SAAB day: Bub Lutz and the bean counters and more ...

The former Saab blogger Swade, whose daily articles I still miss, not only, but over and over again in his Sweadology, writes about Saab. Currently he has bought an Alfa Romeo, which is acceptable because he has acquired a wonderful Alfa GTV. As a counter program he reads Car Guys and Beancounters by Bob Lutz. A book that also deals with the subject of Saab. No, I will not translate Lutz's work, it's not that great, but a visit to Steven's blog should be worth it.

Because Lutz provides facts on the topic in his own way “how much Opel is (unfortunately not) in a Saab ...". It is worth looking into the rather long article.

How good that at least the GM managers know how to run a successful business. With government funds afloat and running on the back of the American taxpayer that works fine.

Too bad that it didn't work out that way with state support in Germany. The consequence: Opel is dodging itself in. After a 20% drop in demand for the fascinating products with the flash since the beginning of the year, the 4-day week is now looming in Rüsselsheim. The Spiegel reports, referring to the Frankfurter Allgemeine Zeitung. No good prospects for the location in Hessen!

In Rüsselsheim you have it in front of you, in Trollhättan you have the GM Nachwehen already behind, and it can not be worse. Paul Akerlund expects 1.500 new jobs in the re-start phase of the automaker. If that does not happen, then you have a plan B in your hand. Innumerable startups are currently being created around Innovatum. Much more could happen if the administrators' plan failed to sell Saab in one piece.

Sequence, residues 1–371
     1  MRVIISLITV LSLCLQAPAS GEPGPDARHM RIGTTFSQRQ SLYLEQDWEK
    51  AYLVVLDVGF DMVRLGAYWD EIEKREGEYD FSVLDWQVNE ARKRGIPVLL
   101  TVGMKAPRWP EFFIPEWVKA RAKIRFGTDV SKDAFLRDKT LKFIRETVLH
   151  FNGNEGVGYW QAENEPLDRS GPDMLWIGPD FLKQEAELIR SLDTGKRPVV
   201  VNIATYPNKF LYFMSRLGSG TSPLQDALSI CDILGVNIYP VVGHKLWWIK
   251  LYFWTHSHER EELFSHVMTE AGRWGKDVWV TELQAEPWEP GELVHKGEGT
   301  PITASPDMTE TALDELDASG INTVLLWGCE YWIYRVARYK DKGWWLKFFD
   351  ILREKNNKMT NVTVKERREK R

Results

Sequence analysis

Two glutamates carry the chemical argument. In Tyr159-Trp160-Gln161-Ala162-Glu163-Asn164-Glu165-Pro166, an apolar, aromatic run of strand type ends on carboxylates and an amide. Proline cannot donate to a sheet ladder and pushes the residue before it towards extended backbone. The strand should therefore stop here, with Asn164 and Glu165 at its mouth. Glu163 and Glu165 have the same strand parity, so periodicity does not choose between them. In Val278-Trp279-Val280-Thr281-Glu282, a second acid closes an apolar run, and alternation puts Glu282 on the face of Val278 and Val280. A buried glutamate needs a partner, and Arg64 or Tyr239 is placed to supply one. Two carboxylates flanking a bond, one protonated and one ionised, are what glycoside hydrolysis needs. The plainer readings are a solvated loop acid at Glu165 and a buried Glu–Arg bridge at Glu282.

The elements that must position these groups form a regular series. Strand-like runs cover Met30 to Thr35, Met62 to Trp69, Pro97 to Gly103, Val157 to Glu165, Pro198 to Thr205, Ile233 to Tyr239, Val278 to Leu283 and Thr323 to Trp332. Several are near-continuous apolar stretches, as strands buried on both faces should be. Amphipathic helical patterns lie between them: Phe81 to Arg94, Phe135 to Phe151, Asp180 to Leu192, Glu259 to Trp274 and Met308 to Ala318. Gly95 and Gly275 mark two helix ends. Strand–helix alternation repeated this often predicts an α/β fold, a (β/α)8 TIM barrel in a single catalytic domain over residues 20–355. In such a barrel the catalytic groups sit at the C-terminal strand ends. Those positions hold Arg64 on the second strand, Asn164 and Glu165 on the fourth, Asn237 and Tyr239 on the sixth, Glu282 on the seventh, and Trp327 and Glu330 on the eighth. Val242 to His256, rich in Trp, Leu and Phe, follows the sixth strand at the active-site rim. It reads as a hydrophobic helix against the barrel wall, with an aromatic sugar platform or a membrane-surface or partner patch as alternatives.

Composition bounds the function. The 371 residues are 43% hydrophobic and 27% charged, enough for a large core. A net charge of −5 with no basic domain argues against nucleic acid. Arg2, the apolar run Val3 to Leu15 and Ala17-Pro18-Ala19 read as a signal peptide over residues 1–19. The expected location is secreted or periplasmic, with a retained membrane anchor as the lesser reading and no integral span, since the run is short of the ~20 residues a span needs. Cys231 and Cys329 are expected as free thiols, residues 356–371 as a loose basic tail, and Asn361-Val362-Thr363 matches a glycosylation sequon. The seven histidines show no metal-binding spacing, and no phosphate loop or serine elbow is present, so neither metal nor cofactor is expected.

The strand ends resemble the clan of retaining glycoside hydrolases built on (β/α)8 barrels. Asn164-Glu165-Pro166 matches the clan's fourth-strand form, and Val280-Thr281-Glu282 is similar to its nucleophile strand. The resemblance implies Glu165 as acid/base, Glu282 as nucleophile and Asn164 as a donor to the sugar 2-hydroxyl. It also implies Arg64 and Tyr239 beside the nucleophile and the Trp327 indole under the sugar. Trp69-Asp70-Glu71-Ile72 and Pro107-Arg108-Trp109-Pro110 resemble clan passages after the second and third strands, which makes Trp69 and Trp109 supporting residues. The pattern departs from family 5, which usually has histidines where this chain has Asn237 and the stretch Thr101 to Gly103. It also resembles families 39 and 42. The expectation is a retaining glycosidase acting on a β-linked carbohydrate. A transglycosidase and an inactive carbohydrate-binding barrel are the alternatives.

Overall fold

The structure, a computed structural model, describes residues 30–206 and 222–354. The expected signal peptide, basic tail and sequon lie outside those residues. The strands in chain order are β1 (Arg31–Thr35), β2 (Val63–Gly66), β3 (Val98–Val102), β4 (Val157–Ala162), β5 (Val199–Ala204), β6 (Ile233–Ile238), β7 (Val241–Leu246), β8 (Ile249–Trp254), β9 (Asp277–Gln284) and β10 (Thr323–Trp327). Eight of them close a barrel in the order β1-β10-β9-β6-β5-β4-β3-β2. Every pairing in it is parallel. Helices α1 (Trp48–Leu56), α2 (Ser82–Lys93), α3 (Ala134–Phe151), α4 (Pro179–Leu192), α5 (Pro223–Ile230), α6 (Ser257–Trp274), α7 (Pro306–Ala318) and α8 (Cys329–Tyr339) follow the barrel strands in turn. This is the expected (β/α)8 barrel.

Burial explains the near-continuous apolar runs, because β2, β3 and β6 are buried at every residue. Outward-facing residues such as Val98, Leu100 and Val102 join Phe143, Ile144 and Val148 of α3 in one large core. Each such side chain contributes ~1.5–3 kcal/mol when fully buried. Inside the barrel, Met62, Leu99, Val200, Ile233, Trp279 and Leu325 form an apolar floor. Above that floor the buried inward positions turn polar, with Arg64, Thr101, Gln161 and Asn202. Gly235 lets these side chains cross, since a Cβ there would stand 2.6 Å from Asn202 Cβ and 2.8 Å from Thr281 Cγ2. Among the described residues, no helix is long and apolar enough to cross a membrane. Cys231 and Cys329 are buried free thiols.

Tore Helmersson, CEO of Innovatums, reports prospective customers for the wind tunnel, prototype bench, production facilities and other facilities so that an automotive cluster of small and medium-sized businesses could emerge. The demand for the wind tunnel is particularly strong, but the administrators, with whom he works closely every day, have so far rejected retail sales.

For the complete sale is still considered the highest goal. Trollhättan may have a B-Plan and even drive well in the long term. For others Saab is indispensable. For the possible buyer Youngman for example. Currently, the skills are still based on the partner Lotus. But it wobbles and should have been sold or sold. Depending on the source, the messages contradict each other.

Youngman is ambitious and wants to go high. What the Chinese are currently planning, is in the next post.

Text: tom@saabblog.net


One thought on "SAAB day: Bub Lutz and the bean counters and more ..."

  • Saab has never been a strong or powerful company. An offshoot of Saab aircraft after World War II, the company built small, unusually shaped cars, initially with two-stroke engines (which trapped blue smoke and went "ring-thing" when the driver lifted the foot from the throttle) later with the European Ford V4 - a lumpy and charmless engine, but the only one that, presumably, would fit into the Saab 900 engine compartment.

    Original excerpt from Bubi Lutz's work
    If you do not have (anymore), you should know someone who knows someone who has a little bit of grasp.

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